3.2. Experimental Modal Analysis

In the second phase, the modal parameters of the tuning fork were determined experimentally by using the measurement system PulseTM produced by Bruel&Kjaer company. With respect to the dimensions of the measurement object, the one-point laser Doppler vibrometer Polytec PDV-100 had to be used to measure the vibration responses. The object was excited by the impact hammer Bruel&Kjaer 8206 with a plastic tip. The experimental model contained one input and six output degrees-of-freedom. Due to geometrical symmetry, only half the model was considered. The responses were only measured in the direction that is essential in term of the tuning fork functionality. The experimental model is schematically depicted in Figure 3b.

In practice, free support is usually realized either by putting the object on a very soft pad (e.g. foam) or suspending it on soft springs. It is obvious that frequencies of rigid body modes will not be equal to zero in that case, but the values will be very low. Such support is considered to be free if the highest natural frequency of rigid body modes is less than 10% of the value of the lowest deformation natural frequency [8]. In our case, the spherical end of the tuning fork was covered by a piece of polyurethane foam and softly clamped between the jaws as can be seen in Figure 5. This way of support satisfied the above condition.

The frequency range of the measurement was from 0 to 3200 Hz. Figure 6 shows the CMIF plot in which four dominant peaks can be identified in this range.

The first peak with the frequency of 12.377 Hz relates to a translation rigid-body mode. All the other peaks belong to the modes of the tuning fork. Their frequency and mode shapes are shown in Figure 7.

Figure 7. The mode shapes and natural frequencies of the tuning fork obtained by experimental modal analysis

The natural frequency values obtained by the measurement are in good agreement with the frequencies determined by FEM analysis. The natural frequency of the second mode is shifted to higher value due to added stiffness in the region of the constraint.

4. The proposal and geometric Optimization of a New Tuning Fork

The proposal was based on the following requirements:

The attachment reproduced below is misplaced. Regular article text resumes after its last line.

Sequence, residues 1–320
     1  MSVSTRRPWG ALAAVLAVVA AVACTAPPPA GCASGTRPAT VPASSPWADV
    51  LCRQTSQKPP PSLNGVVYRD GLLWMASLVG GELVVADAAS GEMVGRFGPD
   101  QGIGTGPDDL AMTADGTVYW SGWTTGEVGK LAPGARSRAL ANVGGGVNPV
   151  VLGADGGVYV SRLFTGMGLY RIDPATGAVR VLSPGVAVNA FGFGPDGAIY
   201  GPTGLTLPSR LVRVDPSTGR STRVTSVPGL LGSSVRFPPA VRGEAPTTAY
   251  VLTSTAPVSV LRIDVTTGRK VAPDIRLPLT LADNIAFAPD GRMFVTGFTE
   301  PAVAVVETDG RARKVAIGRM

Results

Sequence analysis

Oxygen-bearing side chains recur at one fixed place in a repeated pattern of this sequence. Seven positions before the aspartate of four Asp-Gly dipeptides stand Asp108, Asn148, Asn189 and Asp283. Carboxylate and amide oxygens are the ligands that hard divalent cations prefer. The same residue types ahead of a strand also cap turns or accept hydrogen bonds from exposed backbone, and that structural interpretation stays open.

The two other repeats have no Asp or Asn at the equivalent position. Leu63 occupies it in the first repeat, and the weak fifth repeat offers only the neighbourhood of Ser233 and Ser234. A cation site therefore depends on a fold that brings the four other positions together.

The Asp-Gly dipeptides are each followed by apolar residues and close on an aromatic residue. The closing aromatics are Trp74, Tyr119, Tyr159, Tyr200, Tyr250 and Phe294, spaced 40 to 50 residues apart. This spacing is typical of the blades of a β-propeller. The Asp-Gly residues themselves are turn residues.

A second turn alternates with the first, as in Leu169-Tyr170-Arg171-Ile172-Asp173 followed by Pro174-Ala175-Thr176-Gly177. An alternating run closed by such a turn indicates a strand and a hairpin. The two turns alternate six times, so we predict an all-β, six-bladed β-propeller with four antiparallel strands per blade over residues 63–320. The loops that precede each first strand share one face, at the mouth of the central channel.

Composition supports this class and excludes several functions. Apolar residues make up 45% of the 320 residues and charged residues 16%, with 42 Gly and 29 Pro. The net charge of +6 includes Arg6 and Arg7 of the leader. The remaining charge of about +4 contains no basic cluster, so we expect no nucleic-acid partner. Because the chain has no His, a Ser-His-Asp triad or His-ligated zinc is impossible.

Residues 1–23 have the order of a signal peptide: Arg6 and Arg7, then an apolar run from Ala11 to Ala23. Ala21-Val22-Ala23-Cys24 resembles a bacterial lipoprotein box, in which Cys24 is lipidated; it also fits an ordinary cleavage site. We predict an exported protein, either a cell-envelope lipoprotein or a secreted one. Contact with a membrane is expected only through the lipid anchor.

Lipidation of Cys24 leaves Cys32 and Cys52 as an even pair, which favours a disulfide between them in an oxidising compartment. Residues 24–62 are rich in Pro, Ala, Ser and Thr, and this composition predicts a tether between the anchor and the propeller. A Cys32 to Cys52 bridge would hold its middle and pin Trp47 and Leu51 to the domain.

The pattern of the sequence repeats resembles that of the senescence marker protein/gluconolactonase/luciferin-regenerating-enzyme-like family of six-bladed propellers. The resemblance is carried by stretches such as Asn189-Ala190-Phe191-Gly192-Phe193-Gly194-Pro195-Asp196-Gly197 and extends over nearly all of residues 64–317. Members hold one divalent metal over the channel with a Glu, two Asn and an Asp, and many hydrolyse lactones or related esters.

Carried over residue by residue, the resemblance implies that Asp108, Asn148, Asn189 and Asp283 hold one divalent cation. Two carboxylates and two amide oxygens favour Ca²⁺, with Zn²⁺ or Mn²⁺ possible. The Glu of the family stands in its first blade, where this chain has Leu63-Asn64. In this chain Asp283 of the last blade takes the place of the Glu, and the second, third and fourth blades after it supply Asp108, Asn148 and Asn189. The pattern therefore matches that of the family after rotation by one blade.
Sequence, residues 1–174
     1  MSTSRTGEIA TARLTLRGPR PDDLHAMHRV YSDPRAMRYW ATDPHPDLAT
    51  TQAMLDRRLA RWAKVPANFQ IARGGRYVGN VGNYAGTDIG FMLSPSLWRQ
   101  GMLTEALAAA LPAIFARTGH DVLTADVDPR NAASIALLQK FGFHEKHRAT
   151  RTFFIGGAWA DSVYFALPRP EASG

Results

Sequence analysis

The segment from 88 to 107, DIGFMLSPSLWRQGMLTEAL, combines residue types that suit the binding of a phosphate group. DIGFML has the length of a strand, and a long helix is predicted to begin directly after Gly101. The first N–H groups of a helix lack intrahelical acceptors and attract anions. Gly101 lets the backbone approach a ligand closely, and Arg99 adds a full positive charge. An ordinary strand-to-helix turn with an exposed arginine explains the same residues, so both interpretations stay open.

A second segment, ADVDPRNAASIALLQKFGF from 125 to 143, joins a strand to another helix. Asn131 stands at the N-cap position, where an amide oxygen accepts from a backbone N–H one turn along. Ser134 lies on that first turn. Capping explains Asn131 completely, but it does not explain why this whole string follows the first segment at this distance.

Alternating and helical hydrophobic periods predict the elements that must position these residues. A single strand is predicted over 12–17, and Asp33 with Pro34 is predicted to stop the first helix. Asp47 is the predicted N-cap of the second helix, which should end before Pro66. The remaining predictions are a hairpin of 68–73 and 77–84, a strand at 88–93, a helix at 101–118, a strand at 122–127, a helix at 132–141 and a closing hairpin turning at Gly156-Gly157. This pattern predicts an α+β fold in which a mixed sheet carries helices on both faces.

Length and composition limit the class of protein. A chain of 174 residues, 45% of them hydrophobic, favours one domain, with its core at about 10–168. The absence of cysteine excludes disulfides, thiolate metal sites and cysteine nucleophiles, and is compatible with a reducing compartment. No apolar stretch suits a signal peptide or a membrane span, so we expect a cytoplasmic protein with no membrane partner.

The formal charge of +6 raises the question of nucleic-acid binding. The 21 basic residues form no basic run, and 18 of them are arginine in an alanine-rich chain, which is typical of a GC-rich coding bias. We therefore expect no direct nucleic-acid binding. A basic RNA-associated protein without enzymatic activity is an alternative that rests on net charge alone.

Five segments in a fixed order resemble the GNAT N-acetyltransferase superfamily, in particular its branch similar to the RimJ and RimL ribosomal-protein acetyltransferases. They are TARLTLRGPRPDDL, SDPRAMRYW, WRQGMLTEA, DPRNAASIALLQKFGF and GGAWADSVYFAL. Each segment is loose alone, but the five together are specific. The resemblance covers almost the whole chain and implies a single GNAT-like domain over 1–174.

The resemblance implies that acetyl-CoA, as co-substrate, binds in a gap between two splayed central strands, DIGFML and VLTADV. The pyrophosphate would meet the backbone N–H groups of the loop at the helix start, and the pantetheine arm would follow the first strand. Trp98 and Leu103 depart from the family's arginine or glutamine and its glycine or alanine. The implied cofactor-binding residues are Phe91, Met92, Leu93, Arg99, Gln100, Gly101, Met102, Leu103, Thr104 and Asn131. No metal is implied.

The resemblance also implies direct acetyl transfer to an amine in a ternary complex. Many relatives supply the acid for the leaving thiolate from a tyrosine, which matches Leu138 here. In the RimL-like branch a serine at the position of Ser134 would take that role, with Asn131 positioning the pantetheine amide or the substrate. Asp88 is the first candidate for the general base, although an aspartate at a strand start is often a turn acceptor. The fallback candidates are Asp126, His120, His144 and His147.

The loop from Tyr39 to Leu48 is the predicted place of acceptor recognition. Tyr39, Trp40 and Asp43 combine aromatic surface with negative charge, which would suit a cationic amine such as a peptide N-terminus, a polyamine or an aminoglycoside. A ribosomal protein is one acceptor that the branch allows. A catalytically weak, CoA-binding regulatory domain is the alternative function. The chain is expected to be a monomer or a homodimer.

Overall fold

• material: steel, , ,

• fundamental frequency: 440 Hz,

• square section of prongs.

An initial design and dimensions of the proposed tuning fork is shown in the Figure 8a.

Figure 8. a) The initial design and dimensions of the proposed tuning fork. b) FEM model

In the first step, the numerical modal analysis was carried out to determine the natural frequencies and mode shapes of the tuning fork. The conditions of the simulation were the same as in the previous case. For the initial FEM model shown in Figure 8b, the frequency of the first mode was 693.55 Hz.

In the second step, the geometric optimization was performed to obtain dimensions corresponding to the required properties. In NX Nastran, geometry optimization is performed by an NX Optimizer tool that is based on software called Altair HyperOpt. The Altair hyperOpt is an adaptive response surface method (ARSM). Hyperopt uses a quadratic polynomial that is found and updated for each of the iterations. These are based on current and previous iterations. NX Optimizer can realize only single-objective optimization; i.e. that only one objective is considered. It can either be to maximize, minimize or reach a certain target for the objective function by changing the assigned parameters. In our case, value of the first natural frequency was used as the objective function. Its target value was set to 440 Hz. The thickness and length of the prongs were used as design variables with following limits:

No design constraints were defined.

The optimization process was done within 5 design cycles. The results from the individual cycles are listed in Table 1. Figure 9 graphically describes the changes of the design variables and objective function.

Table 1. The optimization process history

The final design of the tuning fork with optimized dimensions is shown in Figure 10, as well as its mode shapes and natural frequencies.

Figure 10. The final design and mode shapes of the optimized tuning fork

5. Conclusion

The structural optimization is a common part of a design and development of technical equipments, machines, vehicles, etc. In the paper, the geometric optimization was used to obtain the dimensions of the steel tuning fork with square section of prongs, where the design objective function was its fundamental resonance frequency. The optimization task was solved in NX Nastran software. The authors also presented the experimental measurement that may be used to verification of a numerical model.


The authors gratefully acknowledge the support of the Slovak Grant Agency VEGA – Grant No. 1/0751/16 and1/0393/14.